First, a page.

From ROTC to the Wild Blue Yonder

  • Published
  • By Cadet First Lt. Emily Zirkelbach

While most West Virginia University students were visiting family, catching up on sleep or enjoying a vacation over the summer break, myself, and a few other cadets from across the country had a once-in-a-lifetime opportunity to participate in Headquarters’ Air Force Global Strike Command’s professional development training, or PDT for short. This PDT allowed us to visit several AFGSC bases and form a better understanding on how global strike provides strategic deterrence, long-range strike capability and combat support to U.S. Strategic Command and other combatant commands worldwide in support of the National Defense Strategy. Most importantly, it allowed us to gain applicable experience and insight first-hand as we prepare to commission into the United States Air Force. 

On Monday, 10 July, six other Air Force cadets and I arrived at Barksdale Air Force Base in Shreveport, La. for our first stop, where we conducted a static tour of the most combat capable bomber in the U.S. inventory, the B-52 Stratofortress. Here we had the opportunity to sit-down with several pilots and weapons systems officers assigned to the 2nd Bomb Wing and discuss the B-52s airpower role in today’s security environment. I still can’t believe this workhorse has been flying for over six decades of operational service, and with a few upcoming modernization efforts it will continue flying until the 2050s. After the static tour, we also witnessed other Airmen in action to include maintainers, logistic readiness personnel and other integral parts that keep the mission and installation going. To conclude our Barksdale visit, we sat down with a panel of Colonels and Generals, who allowed us to ask candid questions and provided valuable mentorship to our group.

After our first stop, on 17 July, we were off to Dyess AFB in Abilene, Tx. where not only did we continue learning about the AFGSC mission but also got gained insight on how airlift supports the entire Department of Defense. Here, we got up close and personal to the supersonic, multi-mission B-1B Lancer bomber assigned to the 9th Bomb Squadron discussing its long-range strike role. Afterward we took an incentive flight in a 317th AW C-130J Hercules experiencing first-hand the tactical portion of the airlift mission. Afterwards, we interacted with installation Security Forces personnel who defend the base 24/7. At the end of the day, we spent time with Explosive Ordinance Disposal Airmen who let us operate the EOD robot and even try on their bomb suits. My personal recommendation, everyone should try to do a push-up at least one-time in the EOD bomb suit.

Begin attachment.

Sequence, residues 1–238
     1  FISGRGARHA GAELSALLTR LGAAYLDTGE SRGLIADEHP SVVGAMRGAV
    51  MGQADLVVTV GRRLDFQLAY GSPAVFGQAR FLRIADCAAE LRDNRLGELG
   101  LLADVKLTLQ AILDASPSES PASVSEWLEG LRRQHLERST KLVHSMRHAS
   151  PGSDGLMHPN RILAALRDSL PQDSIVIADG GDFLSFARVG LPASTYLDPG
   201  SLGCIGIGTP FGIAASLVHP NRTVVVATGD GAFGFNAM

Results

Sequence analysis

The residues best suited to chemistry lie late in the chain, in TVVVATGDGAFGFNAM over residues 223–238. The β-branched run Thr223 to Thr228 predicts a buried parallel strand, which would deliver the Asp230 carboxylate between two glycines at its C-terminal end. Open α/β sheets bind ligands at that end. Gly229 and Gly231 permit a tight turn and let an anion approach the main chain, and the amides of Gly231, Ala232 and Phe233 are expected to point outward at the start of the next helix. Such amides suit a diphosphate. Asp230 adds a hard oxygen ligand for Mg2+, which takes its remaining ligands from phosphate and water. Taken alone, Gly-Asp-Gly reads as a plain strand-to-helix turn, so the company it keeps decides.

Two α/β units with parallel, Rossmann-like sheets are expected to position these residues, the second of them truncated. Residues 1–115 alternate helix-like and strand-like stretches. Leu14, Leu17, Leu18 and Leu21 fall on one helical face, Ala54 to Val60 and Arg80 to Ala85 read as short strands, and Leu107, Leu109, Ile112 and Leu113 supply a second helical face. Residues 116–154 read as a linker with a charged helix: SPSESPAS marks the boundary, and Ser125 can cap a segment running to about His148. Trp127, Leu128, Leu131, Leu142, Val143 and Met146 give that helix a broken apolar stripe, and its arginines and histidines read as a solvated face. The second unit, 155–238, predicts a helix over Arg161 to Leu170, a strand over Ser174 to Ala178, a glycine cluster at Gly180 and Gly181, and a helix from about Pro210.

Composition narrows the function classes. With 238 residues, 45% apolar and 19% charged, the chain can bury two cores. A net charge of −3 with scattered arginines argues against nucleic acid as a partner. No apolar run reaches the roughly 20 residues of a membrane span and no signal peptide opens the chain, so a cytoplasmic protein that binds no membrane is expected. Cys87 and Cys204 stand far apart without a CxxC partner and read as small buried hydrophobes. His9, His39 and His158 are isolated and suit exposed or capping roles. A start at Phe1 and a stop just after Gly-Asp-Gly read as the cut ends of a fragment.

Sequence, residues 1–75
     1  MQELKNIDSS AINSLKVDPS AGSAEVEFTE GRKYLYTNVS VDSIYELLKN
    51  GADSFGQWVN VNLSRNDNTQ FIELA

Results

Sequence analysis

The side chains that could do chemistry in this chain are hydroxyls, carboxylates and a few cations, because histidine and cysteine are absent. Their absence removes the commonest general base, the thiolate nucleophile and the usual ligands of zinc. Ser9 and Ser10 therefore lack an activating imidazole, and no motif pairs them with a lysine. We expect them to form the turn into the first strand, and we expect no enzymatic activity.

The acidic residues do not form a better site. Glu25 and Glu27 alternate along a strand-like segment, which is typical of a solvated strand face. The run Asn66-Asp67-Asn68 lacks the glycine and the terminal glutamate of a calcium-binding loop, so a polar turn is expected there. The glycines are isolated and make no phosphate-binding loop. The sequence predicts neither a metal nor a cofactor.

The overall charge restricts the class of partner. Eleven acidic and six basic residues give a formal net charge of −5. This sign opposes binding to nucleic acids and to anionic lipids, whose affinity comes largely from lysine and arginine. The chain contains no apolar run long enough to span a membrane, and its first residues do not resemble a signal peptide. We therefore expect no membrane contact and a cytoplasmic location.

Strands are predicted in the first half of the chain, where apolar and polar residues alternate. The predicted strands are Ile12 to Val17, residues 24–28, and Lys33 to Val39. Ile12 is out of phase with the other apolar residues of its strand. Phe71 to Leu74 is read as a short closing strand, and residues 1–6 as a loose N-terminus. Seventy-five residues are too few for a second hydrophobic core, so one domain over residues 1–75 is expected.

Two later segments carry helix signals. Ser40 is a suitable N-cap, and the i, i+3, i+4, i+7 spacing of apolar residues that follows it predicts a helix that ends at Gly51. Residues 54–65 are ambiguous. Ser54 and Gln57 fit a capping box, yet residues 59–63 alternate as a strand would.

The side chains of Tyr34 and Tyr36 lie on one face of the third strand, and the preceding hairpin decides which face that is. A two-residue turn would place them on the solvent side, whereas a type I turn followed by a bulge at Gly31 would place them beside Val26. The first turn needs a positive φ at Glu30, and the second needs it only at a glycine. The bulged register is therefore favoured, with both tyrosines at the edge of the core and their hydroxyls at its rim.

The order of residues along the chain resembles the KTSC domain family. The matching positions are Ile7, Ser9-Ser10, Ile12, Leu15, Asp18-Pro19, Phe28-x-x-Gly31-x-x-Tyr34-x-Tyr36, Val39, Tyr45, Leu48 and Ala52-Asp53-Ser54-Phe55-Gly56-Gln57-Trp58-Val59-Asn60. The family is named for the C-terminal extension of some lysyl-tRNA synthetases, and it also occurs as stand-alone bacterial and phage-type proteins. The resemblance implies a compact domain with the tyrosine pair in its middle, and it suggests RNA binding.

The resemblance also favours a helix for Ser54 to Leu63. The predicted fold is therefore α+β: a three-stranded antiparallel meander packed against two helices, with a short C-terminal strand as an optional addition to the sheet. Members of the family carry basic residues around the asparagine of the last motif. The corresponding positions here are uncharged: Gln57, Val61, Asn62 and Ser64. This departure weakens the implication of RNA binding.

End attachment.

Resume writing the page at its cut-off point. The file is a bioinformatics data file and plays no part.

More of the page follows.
Then we were off, after leaving Texas, we found ourselves at Malmstrom AFB, Mont. home of the 341st Missile Wing. Here we conducted a tour of a missile maintenance training facility, as well as the site of the first missile put in the ground for purpose of nuclear deterrence. We also had the opportunity to engage with leaders and discuss the important role the land-based portion of the nuclear triad performs in support of strategic deterrence. Many people don’t realize that AFGSC maintains and operates two-thirds of the nuclear triad, both the land and the air legs, in support of national defense. It was amazing to see all the combat-ready Airmen working behind the scenes to keep our nation safe from our adversaries. Finally, we spent time with the 40th Helicopter Squadron where we received an incentive ride in the UH-1N Iroquois helicopter, commonly known as the Huey. As we flew with the 40 HS, we even assisted in a Security Forces exercise, seeing first-hand how well Air Force Defenders protect one of our nation’s most valuable assets.       

And in a flash, the PDT was over. In the end, this experience allowed me and my fellow cadets to understand the mission of AFGSC more deeply and get a better look into life as an active-duty officer. We found it extremely interesting to learn about the many different jobs that allow one base to function, and how each part plays an invaluable role in completing the overall mission. One of the things that impressed me the most was how enlisted professionals play a vital part in every AFGSC mission. We truly have the world’s best enlisted Airmen. It was eye-opening to see how seamlessly officers and enlisted personnel worked together to tackle the toughest problems.

My outlook on the Air Force will be forever changed because of this experience. I have become even more excited about the future waiting for me after I commission through ROTC, and I look forward to doing my part in the world’s greatest Air Force. To fly, fight and win – airpower anytime, anywhere.